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Steve Backshall

Published on
Photo: Adam White

I knew that my life was going to be defined by travel, by adventure, and the outdoors, but more than anything by wildlife. We grew up on a small farm on the edge of the Surrey Heath with an infinite amount of wild space and lots of rescue animals. But most instrumental to my life and career is that my parents worked for airlines and had free tickets to go pretty much anywhere on the globe. It showed me what an incredible world was out there to explore.

My dream career was to work in a game reserve in Africa. On family trips to Africa, I’d spent time with game rangers and they seemed omnipotent – they knew everything about wildlife and nature. I looked at them and thought “That’s what I want to do.”

It’s incredibly important that children have a sense of autonomy but we are living in a different world now. Children are much more homebound than they were. Technology offers many opportunities – there are apps that identify birdsong and animal species, that teach navigation and geo-caching, which allows an access to nature that didn’t exist ten years ago – but it’s essential that humans don’t distance themselves from nature. As a species, we have evolved for at least six million years in the outdoors, having active, challenging lives. If we lose that connection, we’re going to lose something that is deep in our psyche. I see it all the time: the look on a kid’s face when they canter down a beach on horseback; the first time they surf a wave; the first time they identify a bird correctly by its song. The excitement, the sparkle in their eyes, the enthusiasm, is something that cannot be illicited from a screen.

I’m constantly learning, constantly studying, but I’m always surprised. I go back to places that I have filmed dozens of times, and I’ll see something new – that’s the beauty of the natural world. I live surrounded by books. I read up a lot before I go on a trip, and while I’m there. You have to, particularly if you’re doing wildlife programmes: you need to react to absolutely everything you see and have something to say about it, and it’s a massive challenge to keep on top of it when you’re bouncing backwards and forwards from one country to another.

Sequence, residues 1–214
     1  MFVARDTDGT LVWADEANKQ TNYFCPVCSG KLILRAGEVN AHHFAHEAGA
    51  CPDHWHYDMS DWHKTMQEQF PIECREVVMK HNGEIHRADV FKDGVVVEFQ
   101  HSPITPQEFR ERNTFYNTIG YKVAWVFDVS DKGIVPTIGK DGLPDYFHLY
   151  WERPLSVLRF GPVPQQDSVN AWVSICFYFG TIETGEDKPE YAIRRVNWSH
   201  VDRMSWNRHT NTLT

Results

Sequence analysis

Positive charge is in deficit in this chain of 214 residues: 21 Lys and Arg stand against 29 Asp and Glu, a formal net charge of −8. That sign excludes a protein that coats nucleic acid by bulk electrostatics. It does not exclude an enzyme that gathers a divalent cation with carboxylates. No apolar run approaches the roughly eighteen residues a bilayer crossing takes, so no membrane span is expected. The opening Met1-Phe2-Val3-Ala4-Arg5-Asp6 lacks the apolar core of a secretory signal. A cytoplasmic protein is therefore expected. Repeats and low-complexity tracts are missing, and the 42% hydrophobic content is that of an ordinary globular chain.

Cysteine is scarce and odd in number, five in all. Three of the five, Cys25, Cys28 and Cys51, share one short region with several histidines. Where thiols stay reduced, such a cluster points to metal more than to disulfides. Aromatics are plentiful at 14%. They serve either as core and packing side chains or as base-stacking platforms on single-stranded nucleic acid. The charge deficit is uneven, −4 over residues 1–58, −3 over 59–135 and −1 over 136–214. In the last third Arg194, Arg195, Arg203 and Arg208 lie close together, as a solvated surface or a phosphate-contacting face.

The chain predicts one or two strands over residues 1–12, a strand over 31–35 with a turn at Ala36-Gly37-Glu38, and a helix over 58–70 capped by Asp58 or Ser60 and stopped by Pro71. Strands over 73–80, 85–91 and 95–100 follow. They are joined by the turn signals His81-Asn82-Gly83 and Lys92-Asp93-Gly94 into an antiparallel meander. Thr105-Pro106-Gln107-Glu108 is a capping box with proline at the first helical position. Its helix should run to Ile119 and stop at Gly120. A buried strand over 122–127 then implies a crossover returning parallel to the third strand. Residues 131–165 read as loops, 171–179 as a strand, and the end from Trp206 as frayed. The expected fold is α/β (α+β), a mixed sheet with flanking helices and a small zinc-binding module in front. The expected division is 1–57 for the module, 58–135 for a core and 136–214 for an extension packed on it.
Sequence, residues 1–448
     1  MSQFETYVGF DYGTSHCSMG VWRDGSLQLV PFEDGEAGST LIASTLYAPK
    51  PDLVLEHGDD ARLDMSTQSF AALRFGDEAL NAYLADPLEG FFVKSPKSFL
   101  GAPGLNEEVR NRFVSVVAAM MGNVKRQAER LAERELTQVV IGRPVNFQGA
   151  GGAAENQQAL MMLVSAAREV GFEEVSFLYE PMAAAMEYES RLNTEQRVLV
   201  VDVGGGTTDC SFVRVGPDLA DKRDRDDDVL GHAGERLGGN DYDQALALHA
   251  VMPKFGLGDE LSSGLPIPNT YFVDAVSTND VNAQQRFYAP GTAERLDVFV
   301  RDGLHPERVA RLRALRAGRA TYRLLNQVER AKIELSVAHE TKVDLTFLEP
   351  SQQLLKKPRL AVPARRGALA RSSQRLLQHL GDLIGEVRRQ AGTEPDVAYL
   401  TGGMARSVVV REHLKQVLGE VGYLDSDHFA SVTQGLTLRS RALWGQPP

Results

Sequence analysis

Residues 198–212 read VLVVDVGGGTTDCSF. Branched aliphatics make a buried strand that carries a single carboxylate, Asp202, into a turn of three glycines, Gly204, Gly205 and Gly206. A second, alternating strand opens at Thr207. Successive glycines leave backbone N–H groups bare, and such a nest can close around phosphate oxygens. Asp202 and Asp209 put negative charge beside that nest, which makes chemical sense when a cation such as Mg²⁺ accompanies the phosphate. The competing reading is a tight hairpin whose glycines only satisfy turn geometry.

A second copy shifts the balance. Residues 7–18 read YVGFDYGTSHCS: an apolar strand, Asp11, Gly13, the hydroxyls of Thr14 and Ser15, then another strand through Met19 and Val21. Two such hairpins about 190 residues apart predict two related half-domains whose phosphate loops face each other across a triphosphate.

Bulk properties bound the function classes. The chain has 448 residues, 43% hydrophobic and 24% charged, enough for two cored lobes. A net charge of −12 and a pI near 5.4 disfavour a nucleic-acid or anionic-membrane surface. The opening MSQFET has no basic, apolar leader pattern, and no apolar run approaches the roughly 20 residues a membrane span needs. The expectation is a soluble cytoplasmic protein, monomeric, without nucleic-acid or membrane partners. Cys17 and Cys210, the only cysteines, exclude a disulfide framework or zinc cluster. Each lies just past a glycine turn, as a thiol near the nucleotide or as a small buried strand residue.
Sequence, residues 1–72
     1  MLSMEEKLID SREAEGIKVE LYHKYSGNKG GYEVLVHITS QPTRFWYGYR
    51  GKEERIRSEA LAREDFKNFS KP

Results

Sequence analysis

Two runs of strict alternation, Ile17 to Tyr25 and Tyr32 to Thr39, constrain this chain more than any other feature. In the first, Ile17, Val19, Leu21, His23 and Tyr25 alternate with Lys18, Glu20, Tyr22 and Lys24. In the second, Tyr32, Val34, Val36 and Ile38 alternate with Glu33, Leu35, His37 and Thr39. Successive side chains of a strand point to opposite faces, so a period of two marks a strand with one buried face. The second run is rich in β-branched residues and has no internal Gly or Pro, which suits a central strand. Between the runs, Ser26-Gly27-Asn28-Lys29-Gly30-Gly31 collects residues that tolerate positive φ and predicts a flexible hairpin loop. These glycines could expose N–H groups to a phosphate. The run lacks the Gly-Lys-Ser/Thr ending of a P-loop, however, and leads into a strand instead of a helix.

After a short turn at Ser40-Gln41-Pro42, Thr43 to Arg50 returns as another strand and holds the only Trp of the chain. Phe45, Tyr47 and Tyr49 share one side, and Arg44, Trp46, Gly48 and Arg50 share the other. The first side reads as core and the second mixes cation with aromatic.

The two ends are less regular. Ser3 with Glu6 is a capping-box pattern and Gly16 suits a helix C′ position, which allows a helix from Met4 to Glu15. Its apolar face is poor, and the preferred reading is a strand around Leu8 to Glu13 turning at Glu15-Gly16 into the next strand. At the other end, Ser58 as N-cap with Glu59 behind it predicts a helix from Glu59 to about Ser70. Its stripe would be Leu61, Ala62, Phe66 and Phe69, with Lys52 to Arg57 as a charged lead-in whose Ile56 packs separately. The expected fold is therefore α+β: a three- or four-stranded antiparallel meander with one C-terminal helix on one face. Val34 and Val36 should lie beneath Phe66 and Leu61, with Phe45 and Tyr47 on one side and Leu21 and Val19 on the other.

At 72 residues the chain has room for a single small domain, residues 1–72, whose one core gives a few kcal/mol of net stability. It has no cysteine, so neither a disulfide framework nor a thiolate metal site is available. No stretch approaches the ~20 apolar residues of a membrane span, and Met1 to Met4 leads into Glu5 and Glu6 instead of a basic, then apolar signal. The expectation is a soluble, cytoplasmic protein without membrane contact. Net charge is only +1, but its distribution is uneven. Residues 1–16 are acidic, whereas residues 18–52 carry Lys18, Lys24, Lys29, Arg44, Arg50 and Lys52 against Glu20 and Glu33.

I started writing fiction about 12 years ago. I had an idea that had been bubbling – I’d never mentioned it to anyone, I thought they would just think I was nuts, but my publishers liked it and asked me to write six novels. It was one of those deep intake of breath moments. But I’ve really enjoyed it. The thing about fiction is that you can only do it if you’re feeling inspired. It’s as if there’s a film playing in your head and you’re recording it, and it’s exciting. As the author, you genuinely don’t know what’s going to happen next.

When I broke my back in a climbing accident it had a powerful psychological impact on me. I had the best part of five or six years in continual rehab, non-stop operations, really struggling physically and as a result, I’ll never have the nerve that I had before with climbing. When you’re a young man, you believe that you’re invincible – I suppose I discovered my own mortality.

I am ceaselessly positive – it’s my greatest asset and most annoying habit. I’ve always been teased about the fact that everything I do is the ‘best ever’, but it’s genuine – it’s not forced or put on or anything. We can be trudging through a muddy swamp plagued by mosquitoes, midges and ticks and I’ve usually got a huge smile on my face. It’s just one of those lucky factors of my personality that I see the positive in everything.

On the last expedition to Papua, in the western half of New Guinea, I rediscovered my excitement for anthropology. My first job was writing for Rough Guides in Indonesia. I spent over a year there – all in the most outlying, far-flung parts – and felt a genuine connection with the people. There are few places on the planet where you can see back in time – where we came from. You see things that are dramatically different but in many ways, exactly the same. It teaches you things – in Papua, old people are valued and children free to roam, everyone has far less connection to stuff, and far more free time to enjoy just being with each other.

One human being can change the world. But only if they believe they can. We have to be optimistic that we can sort out our environmental crises. It is so paralysing to feel that as an individual there is nothing you can do about it. If you show people how it can be done, how it can be improved dramatically, collectively by each of our actions, then it gives them a reason to go out and make changes. I think that is incredibly important. That is a huge part of the message on my tour and every tour I’ve ever done.